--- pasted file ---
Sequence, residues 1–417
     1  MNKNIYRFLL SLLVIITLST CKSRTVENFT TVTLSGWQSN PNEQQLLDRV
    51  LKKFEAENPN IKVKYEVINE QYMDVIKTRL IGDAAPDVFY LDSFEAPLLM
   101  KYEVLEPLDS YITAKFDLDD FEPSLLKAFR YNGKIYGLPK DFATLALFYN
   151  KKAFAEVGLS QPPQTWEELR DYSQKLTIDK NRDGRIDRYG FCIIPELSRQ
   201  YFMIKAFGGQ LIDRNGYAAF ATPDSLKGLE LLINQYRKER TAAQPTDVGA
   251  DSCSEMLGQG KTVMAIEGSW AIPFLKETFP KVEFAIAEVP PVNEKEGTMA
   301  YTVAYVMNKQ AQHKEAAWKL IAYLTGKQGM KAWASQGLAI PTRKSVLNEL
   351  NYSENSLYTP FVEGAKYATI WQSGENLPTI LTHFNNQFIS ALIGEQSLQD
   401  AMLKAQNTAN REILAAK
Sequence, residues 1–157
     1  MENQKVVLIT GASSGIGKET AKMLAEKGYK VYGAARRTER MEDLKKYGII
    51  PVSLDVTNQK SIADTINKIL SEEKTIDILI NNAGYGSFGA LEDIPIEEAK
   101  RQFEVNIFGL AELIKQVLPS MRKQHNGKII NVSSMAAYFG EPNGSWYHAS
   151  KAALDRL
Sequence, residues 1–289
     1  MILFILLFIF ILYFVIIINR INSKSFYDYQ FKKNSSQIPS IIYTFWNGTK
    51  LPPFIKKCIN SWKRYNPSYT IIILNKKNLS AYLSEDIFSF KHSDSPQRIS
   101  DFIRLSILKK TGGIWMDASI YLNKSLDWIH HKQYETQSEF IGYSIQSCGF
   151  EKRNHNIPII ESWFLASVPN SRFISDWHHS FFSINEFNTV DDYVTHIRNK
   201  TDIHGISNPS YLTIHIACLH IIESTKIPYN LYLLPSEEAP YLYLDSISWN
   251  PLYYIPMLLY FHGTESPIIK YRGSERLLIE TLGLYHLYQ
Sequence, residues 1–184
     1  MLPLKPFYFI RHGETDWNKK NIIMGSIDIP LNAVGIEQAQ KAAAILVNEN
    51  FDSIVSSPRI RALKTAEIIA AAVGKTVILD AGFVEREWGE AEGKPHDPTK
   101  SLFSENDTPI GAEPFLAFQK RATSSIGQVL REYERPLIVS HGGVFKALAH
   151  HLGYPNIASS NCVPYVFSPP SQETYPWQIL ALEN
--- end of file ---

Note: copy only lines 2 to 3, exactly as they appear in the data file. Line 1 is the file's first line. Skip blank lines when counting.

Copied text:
     1  MNKNIYRFLL SLLVIITLST CKSRTVENFT TVTLSGWQSN PNEQQLLDRV
    51  LKKFEAENPN IKVKYEVINE QYMDVIKTRL IGDAAPDVFY LDSFEAPLLM